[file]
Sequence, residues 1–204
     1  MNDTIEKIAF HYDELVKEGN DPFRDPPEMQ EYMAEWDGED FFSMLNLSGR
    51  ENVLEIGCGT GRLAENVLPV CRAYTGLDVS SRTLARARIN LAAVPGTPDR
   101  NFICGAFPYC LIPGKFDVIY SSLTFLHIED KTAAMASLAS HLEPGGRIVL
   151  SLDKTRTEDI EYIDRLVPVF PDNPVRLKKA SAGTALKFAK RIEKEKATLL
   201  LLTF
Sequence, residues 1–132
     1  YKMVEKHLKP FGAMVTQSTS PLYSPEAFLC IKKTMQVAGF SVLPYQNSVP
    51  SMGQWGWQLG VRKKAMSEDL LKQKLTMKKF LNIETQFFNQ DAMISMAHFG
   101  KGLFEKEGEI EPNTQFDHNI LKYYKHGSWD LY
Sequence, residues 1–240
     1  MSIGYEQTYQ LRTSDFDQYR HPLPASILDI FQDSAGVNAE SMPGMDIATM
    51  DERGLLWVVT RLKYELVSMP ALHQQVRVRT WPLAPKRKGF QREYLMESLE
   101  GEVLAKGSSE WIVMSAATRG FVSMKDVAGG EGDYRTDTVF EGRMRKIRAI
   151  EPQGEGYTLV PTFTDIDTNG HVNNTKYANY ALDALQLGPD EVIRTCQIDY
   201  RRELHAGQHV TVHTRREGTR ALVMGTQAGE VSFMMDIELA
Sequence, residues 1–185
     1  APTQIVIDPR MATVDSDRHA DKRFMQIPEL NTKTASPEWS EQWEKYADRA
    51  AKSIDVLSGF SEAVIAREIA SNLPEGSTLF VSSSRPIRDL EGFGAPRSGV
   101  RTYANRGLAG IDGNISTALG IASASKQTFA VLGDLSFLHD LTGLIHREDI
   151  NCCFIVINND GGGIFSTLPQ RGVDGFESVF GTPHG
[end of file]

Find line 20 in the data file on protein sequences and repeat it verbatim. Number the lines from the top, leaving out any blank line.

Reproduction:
   101  RTYANRGLAG IDGNISTALG IASASKQTFA VLGDLSFLHD LTGLIHREDI